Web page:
In a world full of allergens, you might think that having pets around could only make things worse. But according to a new study from Canada, families with dogs and cats may unwittingly be protecting their infant children from not only allergies but obesity as well.
University of Alberta epidemiologist Anita Kozyrskyj and a team of researchers analyzed more than 700 Canadian children. They found babies exposed to pets while in the womb or up to three months recorded an "abundance" of ruminococcus and oscillospira (both are bacteria found in the gut,) the latter of which is associated with leanness or lower body mass index, notes the study - published in the journal Microbiome.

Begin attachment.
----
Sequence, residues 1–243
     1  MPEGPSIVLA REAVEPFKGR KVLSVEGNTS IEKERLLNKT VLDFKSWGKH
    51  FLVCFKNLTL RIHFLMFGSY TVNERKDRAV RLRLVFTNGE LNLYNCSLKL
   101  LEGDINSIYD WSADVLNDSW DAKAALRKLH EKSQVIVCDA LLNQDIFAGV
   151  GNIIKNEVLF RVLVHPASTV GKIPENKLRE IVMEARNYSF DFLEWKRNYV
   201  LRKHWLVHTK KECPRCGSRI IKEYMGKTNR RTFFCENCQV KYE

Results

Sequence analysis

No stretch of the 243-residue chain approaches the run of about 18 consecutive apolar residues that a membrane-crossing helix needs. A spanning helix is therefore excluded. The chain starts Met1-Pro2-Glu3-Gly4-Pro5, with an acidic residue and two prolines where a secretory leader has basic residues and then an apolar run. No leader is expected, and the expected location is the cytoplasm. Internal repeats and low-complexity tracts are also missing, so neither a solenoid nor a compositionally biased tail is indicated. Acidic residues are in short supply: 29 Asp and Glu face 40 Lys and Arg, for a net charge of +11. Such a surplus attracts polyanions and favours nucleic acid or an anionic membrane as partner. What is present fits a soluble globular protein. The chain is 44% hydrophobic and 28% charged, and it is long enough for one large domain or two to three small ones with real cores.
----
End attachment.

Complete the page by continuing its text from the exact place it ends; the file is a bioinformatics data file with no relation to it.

Kozyrskyj said the two types of bacteria increased "twofold" when a pet was in the house. The team said the theory is that early exposure to bacteria — like that from a dog — creates a type of resistance.
Unborn babies can benefit from allergy resistance by being indirectly exposed through their mother’s womb. The microbes can pass from pet to mother to baby.
Even if a parent decides not to keep pets after the baby is born, if pets were in the house during the pregnancy, the infant may gain some benefit anyway.
The findings also suggest pet exposure could cut down the risk of group B strep, which the Centers for Disease Control and Prevention said could cause blood infection, pneumonia and meningitis in newborns. Doctors treat against group B strep by giving mothers antibiotics during the delivery process.
Dogs were shown to offer higher levels of the beneficial microbes.